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Offline Housedad

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Re: Have you ever owned a wirewrap tool? (poll)
« Reply #40 on: May 03, 2017, 05:18:00 am »
Lets not forget that perhaps the first leading-edge super-computer (Cray 1) had wire-wrapped backplanes...



The memories..  Back in the day, there was a electronics junkyard that had one of them. Had to have been one of the first ones as it came from the University of PA. (I think)   I spent hours ripping chips and stuff out.   It was a real rats nest.  But at least the wrap around seats Were still there to lay on and be lazy.  Two of the panels were broken out by somebody.  At the time, it looked like it came from the year 5000.
« Last Edit: May 03, 2017, 05:26:33 am by Housedad »
At least I'm still older than my test equipment
 

Offline tablatronix

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Re: Have you ever owned a wirewrap tool? (poll)
« Reply #41 on: May 03, 2017, 03:43:45 pm »
Nice , when I was a kid always wanted a cray I as a couch, thought it would be neato. I guess i could build a replica as furniture, might be fun.
 

Offline KL27x

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Re: Have you ever owned a wirewrap tool? (poll)
« Reply #42 on: May 03, 2017, 08:43:28 pm »
You don't need expensive sockets to do wire wrap. First off, you don't hardly ever need to do wire wrap, even on protoboard. On intraconnects, within the same board, you generally do not need strain relief. Direct solder connections are fine. The main benefit, then is where you need high density of connections, esp for ground/power points, where you may put 5 or 6 wires onto the same pin, using wire wrap which saves on the real estate.

But rather than buying expensive socket, all you need to do is solder the chip (or a regular socket) to a protoboard and solder a row of pin header next to it. You can also do this on a breadboard, simply sticking extra long pin header next to your components. The main place I use wire wrap is either for interconnects or for breadboarding. Wire wrap on a breadboard saves a lot of space and a lot of time, in the long run, once your circuit is any bit more complex than a few transistors. It saves time debugging, because you can way more easily see what connects where. It saves time trying to wiggle in the last few connections. It always leaves an easy to access test point (the pin itself), rather than trying to dig in a rats nest to get a test connection. I use the plug and play jumpers only for very simple tests and/or when they take the place of a "switch." Personally, I leave very little slack on any of these wire wrap connections on the breadboard. Tight as a guitar string is fine. You do not have to dig under a jumper. The connecting points are the pins. High rise towers above the streets. Once all your components and pin headers are placed, you do not need access to the ground level, anymore. Tight connections are easier to trace by eye and keep everything tidy. This is a luxury you cannot have when soldering on a protoboard where you need slack to solder additional connections.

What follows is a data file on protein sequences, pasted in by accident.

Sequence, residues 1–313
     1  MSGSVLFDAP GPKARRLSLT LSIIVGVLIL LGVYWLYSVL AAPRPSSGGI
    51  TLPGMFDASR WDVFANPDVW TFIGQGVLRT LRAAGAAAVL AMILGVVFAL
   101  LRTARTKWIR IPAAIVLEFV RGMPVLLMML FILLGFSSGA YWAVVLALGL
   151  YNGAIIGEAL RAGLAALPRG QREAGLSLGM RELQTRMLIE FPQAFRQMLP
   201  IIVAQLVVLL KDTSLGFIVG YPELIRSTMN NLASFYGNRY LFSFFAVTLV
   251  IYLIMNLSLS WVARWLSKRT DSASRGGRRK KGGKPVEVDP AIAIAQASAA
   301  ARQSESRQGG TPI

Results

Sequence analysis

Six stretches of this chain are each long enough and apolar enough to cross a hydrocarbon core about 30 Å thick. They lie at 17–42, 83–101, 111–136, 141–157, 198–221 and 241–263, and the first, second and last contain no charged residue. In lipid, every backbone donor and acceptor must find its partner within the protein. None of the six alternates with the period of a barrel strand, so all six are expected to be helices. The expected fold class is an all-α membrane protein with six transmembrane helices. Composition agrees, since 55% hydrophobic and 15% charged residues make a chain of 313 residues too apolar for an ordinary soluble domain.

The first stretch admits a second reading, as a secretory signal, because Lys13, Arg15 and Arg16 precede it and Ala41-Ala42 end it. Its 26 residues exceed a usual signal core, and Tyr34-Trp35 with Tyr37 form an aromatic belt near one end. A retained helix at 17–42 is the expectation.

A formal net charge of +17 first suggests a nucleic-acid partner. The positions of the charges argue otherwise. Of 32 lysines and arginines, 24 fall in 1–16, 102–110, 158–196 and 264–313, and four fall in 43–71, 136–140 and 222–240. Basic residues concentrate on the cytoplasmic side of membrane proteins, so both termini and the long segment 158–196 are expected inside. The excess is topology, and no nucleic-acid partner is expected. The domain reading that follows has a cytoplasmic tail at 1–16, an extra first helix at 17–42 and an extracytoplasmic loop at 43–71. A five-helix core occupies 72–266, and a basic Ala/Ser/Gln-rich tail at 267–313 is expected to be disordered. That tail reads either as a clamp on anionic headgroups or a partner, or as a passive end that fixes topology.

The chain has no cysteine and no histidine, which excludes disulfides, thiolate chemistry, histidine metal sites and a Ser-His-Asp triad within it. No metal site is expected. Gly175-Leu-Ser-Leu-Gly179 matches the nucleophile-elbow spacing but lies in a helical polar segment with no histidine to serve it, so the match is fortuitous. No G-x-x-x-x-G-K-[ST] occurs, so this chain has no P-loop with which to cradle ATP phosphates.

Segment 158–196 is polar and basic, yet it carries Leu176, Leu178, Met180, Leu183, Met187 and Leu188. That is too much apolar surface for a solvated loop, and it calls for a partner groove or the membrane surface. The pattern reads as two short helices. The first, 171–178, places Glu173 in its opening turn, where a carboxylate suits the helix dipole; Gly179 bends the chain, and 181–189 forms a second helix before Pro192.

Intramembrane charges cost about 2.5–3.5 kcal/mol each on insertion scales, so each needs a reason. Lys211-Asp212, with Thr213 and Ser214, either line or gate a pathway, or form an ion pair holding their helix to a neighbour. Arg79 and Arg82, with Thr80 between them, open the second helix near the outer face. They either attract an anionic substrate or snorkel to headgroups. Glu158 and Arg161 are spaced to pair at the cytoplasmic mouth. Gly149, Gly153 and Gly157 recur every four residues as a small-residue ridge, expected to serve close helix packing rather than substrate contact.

« Last Edit: May 03, 2017, 09:00:39 pm by KL27x »
 

Offline evb149

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Re: Have you ever owned a wirewrap tool? (poll)
« Reply #43 on: May 03, 2017, 09:18:09 pm »
I DID!  -- 1. Used a hand wirewrap tool?

NO, I WISH I DID! -- 2. Used a power wirewrap tool?

I DID/DO (hand, probably from Radio Shack)! -- 3. Owned a wirewrap tool of any kind?

NO, MY FRIEND BILL DID THOUGH (not sure about hospital but certainly first aid and maybe doctor if not!)! -- 4. Accidentally stepped on a upside down wirewrap dip socket and had to go to the hospital to get it removed?

NO! --- 5. Slammed your hand down onto a dense wirewrap board in anger and then instantly regret it for multiple reasons?

YES! -- 6. Wish you still could wirewrap

Although DIP / PTH is pretty obsolete I wish I had more opportunity to wire wrap and better facilities for it now.
I can see applicability for instance in making a DIP or WW-able header adapter board for small SMD circuits and then using WW to connect such modules together.  Far better and more permanent than a protoboard.  Quicker and easier than making a custom PCBA.  Maybe still a good way to work with modules for quick experiments without going full PCB / air-wire / protoboard.

Alas I think the sockets are probably rare / even more expensive now and maybe tools also.